MEET (Muenster Electrochemical Energy Technology), Germany is getting ready to launch a new 2000sqm research hub focusing on battery technology, most likely a significant effort will go into lithium-ion.
Professor Winter (recently at Graz, Austria) will chair the workgroup at MEET (homepage). Research-in-Germany.Org gives a summary of the plans and objective proposed by MEET. We note that the commitment by the regional government, the University and the private sector (including Volkswagen, Evonik and Chemetall) is impressive, on a regional scale: “The Ministry of Innovation, Science, Research and Technology of the state of North Rhine-Westphalia is funding the project to the amount of €5.5 million for the coming three years. Münster University is contributing €7.5 million. Further funding is coming from the North Rhine-Westphalian Ministry of Economic Affairs and Energy as well as the German Federal Ministry of Economics and Technology.” The private sector is financing the chair at the University with some €2.25m which is certainly impressive given the economic climate we are in.
We wrote about Evonik previously and consider it a very interesting company that may be in the position to shape the future of lithium-ion batteries. Naturally, since Volkswagen is one of the key sponsors of the centre we must assume that they have a commercial interest to link themselves with Professor Winter and his battery research team. The automotive industry is bound to change forever, no doubt. My colleagues focused on the supply side of the lithium-ion market and whether, subject to a successful scale of electric vehicles, the supply chain is secure. In his piece “The Great, Fake Lithium Supply Scare” Brett draws the conclusion that we should not worry. Although the market is too young to make credible predictions the debate is certainly worth watching. Arguably we need to better understand whether lower grade lithium-ion can be used as an input into a high-end technology process.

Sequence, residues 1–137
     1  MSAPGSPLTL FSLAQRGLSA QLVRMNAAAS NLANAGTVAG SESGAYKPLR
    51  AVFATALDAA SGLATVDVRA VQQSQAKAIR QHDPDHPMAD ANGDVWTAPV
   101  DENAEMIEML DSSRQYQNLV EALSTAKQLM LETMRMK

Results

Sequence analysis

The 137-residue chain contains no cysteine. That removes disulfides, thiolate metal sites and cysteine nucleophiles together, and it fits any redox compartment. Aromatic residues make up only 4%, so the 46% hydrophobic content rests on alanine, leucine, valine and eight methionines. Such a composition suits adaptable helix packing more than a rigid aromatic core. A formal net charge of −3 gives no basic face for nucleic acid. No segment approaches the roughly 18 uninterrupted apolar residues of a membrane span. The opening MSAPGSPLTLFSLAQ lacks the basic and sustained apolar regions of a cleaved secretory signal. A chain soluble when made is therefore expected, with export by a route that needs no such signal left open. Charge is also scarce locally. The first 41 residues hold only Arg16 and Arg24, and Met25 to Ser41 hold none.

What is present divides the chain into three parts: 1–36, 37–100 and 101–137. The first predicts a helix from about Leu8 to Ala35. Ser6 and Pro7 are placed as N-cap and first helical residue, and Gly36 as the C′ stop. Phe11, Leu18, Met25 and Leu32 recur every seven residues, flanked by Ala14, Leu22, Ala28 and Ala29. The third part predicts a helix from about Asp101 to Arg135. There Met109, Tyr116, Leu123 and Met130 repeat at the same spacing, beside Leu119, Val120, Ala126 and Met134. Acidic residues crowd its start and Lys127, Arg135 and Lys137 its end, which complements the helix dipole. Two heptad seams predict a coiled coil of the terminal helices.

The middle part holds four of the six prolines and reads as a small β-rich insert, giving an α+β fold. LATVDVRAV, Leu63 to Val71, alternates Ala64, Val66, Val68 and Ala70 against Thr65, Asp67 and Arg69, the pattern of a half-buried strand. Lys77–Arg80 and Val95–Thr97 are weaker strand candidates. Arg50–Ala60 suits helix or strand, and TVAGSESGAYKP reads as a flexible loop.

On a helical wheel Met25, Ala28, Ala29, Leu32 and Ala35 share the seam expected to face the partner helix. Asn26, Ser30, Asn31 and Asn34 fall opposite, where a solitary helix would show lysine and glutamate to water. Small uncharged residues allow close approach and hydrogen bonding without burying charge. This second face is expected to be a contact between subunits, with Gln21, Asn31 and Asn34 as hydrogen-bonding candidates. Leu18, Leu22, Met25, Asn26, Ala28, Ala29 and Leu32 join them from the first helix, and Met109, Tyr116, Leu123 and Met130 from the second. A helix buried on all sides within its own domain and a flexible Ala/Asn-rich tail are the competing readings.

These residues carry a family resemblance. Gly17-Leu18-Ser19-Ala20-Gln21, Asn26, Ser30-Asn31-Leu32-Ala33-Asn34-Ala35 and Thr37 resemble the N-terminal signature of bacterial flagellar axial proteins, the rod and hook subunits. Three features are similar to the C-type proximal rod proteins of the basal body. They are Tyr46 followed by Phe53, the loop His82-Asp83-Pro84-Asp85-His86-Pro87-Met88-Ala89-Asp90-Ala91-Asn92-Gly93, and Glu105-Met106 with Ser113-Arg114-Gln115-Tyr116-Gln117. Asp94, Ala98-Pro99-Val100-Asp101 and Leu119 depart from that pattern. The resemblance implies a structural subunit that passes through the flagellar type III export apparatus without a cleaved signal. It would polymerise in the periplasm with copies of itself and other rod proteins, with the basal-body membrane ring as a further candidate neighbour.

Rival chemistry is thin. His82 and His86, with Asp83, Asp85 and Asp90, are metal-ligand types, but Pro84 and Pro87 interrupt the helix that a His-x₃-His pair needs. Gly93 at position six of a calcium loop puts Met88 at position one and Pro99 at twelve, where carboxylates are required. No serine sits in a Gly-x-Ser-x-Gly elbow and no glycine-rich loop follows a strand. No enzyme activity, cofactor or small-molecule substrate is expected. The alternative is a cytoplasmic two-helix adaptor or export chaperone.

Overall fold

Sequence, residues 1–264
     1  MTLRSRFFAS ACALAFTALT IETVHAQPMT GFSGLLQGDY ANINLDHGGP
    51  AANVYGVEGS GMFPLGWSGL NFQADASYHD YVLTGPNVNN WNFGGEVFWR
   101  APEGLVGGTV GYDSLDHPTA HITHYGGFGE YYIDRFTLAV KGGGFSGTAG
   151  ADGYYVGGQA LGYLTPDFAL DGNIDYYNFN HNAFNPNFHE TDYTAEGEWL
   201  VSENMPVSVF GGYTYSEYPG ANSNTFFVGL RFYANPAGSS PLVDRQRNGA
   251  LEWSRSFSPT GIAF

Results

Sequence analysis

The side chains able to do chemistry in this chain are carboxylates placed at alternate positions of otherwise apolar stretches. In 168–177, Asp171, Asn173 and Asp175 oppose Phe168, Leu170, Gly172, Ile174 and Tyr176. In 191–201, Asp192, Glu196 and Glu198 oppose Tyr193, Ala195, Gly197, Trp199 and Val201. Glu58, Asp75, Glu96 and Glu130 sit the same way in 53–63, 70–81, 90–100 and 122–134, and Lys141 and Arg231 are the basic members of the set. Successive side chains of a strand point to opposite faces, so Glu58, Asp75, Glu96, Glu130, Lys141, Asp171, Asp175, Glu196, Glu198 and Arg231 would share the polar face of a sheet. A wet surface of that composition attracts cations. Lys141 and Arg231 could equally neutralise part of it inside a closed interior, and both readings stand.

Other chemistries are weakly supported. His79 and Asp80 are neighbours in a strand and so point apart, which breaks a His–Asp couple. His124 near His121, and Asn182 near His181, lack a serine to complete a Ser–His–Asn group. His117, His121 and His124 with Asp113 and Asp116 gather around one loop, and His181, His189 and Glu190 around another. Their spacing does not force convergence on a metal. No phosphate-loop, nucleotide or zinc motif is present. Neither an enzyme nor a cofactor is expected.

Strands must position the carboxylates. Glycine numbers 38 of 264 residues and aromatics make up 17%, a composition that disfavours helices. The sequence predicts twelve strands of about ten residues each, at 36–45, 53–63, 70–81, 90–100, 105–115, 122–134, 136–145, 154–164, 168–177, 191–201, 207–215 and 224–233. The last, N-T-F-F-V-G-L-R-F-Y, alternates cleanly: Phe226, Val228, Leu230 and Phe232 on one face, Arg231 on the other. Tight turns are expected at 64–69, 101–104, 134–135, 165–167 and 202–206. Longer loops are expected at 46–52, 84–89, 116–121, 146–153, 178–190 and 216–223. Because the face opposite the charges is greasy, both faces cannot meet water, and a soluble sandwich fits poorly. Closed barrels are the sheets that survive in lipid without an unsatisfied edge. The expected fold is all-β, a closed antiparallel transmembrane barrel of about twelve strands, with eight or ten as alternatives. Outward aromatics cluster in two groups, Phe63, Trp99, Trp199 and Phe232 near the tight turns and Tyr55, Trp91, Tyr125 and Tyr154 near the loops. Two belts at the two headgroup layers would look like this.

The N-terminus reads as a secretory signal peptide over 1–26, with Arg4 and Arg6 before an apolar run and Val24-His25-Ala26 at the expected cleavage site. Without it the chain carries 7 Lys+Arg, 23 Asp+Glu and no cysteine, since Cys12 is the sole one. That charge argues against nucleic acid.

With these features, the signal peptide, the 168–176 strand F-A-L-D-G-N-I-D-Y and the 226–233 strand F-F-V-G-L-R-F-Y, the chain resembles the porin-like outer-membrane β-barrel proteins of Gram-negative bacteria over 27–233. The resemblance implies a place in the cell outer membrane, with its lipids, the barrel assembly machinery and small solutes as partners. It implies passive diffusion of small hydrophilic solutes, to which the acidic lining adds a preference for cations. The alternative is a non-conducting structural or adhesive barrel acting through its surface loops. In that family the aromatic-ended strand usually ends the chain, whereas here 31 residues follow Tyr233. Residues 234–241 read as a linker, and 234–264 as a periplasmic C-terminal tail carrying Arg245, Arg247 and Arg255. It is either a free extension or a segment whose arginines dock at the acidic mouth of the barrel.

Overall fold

We wrote about the need to direct further money into research for energy storage and continue to see this as one of the most important research and investment themes for any serious cleantech venture investor. It is interesting that governments can play a significant role in kick-starting a debate as well as put money into the area with a targeted approach. Autocluster.NRW gives a strong, systematic approach how to create a new hub/ cluster that can concentrate core capabilities in a region. We would like to draw readers of the report to page 58ff (‘Screening of R&D project in NRW’). It highlights the efforts of various academic institutions and how their co-ordinate their efforts to maximize their combined research capabilities. The report highlighs efforts currently made by industry to drive battery technology forward. ‘According to the German government, the number of electric vehicles on the road will be 1 million by 2020’ and ‘[a]ccordingly, the resultant higher electricity needs for 1 million vehicles in 2020 must be addressed’. The authors deduct that this would require some 5 power plant blocks of 600 megawatts each (~total need about 3TWh).
To contrast the recent UK initiative of a Green Investment Bank, Autocluster’s core competence building based on a regional level sounds proactive, constructive and combines both a coordinated effort made by governments and the private sector. Can the UK mirror the effort and come up with a strategy that is as visible? Bob Wigley, good luck!